Telemedicine Set for a Boom; Barriers to Adoption Emerge

Telemedicine, defined by one study as video consultations with physicians, is poised to experience significant growth between now and 2018, according to a Parks Associates report.

The consultancy’s data projects that the number of households using video consultations will grow from 900,000 in 2013 to 22.6 million in 2018. Estimated revenue from this boom is expected to jump from under $100 million in 2013 to $13.7 billion in 2018. Still, patients overwhelmingly prefer face-to-face visits with clinicians over telephone or video consultations, according to Parks Associates research.

A major driver of telemedicine’s projected growth, the researchers reported, is that “meaningful use” EHR Incentive Program requirements will push providers to offer telemedicine services. This means that health information management professionals must be ready and willing to step in and make sure physician-patient encounters comply with meaningful use requirements, and that they are documented properly in patient records.

 

Barriers to Telemedicine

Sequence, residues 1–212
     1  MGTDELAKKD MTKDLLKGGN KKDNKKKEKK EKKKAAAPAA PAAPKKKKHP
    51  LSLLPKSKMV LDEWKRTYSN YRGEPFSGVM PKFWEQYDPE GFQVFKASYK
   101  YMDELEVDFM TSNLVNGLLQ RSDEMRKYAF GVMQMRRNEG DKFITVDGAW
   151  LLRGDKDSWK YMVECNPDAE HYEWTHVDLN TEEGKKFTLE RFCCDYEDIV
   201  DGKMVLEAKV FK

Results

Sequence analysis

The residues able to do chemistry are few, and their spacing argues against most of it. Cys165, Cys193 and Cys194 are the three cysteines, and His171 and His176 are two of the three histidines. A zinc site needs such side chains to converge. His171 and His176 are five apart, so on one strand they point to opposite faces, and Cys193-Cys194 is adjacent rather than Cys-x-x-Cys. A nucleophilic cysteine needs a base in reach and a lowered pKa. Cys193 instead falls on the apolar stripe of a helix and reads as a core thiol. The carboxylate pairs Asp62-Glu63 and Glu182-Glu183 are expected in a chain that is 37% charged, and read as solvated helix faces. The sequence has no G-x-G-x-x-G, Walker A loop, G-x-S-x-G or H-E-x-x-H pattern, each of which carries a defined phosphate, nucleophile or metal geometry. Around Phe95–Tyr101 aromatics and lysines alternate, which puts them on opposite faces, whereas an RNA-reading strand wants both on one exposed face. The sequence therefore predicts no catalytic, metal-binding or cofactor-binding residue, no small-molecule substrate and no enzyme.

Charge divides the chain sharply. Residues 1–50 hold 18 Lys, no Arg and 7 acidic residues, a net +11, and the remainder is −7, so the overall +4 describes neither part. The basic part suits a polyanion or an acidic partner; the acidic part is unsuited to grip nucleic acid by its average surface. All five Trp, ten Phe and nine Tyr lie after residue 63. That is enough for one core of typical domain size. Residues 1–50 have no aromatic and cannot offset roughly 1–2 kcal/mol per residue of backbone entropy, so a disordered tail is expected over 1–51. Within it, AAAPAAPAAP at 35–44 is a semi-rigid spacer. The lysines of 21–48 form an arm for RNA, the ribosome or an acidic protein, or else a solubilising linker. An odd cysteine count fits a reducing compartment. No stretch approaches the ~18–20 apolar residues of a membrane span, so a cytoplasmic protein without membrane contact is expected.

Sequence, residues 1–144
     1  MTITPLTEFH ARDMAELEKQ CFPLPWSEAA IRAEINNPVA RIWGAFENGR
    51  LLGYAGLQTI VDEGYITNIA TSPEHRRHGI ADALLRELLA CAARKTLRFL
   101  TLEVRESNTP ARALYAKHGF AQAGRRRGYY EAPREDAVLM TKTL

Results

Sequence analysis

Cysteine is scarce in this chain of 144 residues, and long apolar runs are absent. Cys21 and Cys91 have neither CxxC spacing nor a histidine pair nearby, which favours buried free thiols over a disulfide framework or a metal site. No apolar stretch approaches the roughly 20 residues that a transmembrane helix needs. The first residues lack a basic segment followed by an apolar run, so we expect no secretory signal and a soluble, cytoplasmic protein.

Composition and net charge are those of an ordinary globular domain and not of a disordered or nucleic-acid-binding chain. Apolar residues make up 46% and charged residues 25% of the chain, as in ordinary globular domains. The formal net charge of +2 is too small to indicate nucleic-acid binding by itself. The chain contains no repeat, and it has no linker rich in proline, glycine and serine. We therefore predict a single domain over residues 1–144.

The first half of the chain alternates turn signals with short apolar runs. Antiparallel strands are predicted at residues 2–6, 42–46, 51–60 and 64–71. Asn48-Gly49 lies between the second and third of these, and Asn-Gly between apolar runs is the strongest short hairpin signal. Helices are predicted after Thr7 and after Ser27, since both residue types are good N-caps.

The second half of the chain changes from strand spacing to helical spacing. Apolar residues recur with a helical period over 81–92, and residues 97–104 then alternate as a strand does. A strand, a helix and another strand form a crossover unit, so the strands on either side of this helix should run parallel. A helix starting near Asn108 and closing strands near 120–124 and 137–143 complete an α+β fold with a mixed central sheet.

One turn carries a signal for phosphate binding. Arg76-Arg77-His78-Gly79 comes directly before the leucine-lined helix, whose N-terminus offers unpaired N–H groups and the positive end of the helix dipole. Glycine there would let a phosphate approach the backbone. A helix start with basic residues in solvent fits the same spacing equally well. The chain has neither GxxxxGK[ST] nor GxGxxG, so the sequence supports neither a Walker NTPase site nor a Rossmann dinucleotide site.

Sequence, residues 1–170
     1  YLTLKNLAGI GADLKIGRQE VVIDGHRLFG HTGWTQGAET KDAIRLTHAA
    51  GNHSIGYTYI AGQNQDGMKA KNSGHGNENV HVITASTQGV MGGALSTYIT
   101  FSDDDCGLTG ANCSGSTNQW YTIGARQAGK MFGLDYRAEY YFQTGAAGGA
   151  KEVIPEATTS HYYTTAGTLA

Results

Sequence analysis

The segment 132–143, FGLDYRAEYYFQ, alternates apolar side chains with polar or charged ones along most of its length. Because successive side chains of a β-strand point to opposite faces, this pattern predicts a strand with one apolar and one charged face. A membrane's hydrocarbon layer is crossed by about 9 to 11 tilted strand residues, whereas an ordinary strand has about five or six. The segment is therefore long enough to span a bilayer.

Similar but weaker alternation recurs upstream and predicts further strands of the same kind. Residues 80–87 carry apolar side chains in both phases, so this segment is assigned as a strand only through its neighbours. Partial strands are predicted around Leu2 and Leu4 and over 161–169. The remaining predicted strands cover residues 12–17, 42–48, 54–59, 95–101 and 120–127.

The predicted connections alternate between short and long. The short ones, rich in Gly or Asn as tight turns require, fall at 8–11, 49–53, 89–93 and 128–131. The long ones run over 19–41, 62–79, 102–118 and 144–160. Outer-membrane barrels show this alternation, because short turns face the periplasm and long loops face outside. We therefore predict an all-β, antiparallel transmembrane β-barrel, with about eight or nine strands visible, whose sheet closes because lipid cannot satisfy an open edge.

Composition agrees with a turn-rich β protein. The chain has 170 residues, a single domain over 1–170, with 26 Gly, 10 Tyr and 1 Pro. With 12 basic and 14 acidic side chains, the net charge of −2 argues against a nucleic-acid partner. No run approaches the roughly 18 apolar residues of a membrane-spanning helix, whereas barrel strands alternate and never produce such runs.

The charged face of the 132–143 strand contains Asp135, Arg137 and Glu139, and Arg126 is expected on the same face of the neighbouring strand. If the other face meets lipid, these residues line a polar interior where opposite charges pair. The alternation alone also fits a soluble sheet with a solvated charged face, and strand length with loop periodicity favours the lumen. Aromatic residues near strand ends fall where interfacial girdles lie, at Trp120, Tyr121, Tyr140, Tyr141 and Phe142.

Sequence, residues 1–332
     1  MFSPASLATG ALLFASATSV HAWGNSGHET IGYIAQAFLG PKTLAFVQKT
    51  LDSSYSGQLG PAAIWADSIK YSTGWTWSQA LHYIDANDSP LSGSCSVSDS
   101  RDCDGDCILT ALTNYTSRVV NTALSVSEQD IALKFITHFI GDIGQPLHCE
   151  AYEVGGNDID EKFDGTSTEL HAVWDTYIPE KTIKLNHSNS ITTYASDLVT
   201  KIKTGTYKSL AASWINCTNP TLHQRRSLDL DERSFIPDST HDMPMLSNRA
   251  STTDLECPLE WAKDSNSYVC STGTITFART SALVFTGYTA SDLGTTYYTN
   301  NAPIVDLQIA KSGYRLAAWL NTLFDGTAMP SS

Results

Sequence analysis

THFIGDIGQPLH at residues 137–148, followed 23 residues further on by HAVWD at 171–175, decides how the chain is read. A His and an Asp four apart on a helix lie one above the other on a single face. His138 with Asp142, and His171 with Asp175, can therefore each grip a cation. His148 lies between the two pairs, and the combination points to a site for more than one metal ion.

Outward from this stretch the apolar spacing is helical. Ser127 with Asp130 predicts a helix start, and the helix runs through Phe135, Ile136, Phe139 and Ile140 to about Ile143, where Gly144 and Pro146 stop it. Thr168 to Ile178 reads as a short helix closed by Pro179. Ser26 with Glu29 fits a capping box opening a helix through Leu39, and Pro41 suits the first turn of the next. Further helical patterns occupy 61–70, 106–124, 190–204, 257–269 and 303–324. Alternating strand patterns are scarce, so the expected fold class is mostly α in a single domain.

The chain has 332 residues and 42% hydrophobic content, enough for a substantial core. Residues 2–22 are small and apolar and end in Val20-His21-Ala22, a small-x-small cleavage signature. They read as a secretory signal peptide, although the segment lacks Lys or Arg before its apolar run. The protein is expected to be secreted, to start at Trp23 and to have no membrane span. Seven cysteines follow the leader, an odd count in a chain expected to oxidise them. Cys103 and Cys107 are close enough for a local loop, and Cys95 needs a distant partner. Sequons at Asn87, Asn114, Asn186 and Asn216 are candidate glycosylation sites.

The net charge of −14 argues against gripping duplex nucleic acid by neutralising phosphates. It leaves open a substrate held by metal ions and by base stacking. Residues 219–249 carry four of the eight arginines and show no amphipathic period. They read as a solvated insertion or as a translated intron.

Ease of use issues with telemedicine technologies will continue to be barriers to adoption for both patients and healthcare professionals, researchers warn. The Parks Associates report emphasizes that the technology should be easy to use for both the patient, the clinician, and the technical support team members.

A British study, published recently in BMC Health Services Research, found that implementing telemedicine services can be disruptive to clinical staff unless technical staff provide proper support.

“The study highlights that introducing and implementing a telehealth service that is to be integrated into mainstream bring many changes to the clinical routines of the user, interaction with patients and expertise of the user, all of which can be experienced as threatening,” the authors wrote. “If adequate steps are not taken and the concerns of users are not addressed in a timely manner, results can be detrimental to service integration,” the authors wrote.

Regulation of telemedicine presents its own set of issues as well. The Federation of State Medical Boards is looking at a proposed policy that would require physicians to be licensed in the same states as their patients in order to provide services. However, Congress has considered legislation that would allow physicians to provide telemedicine services across state lines.

The attributes of telemedicine, traditionally utilized in rural and underserved communities, are apparent in a recent 60 Minutes segment about uninsured individuals living in Appalachia. Watch here.

 

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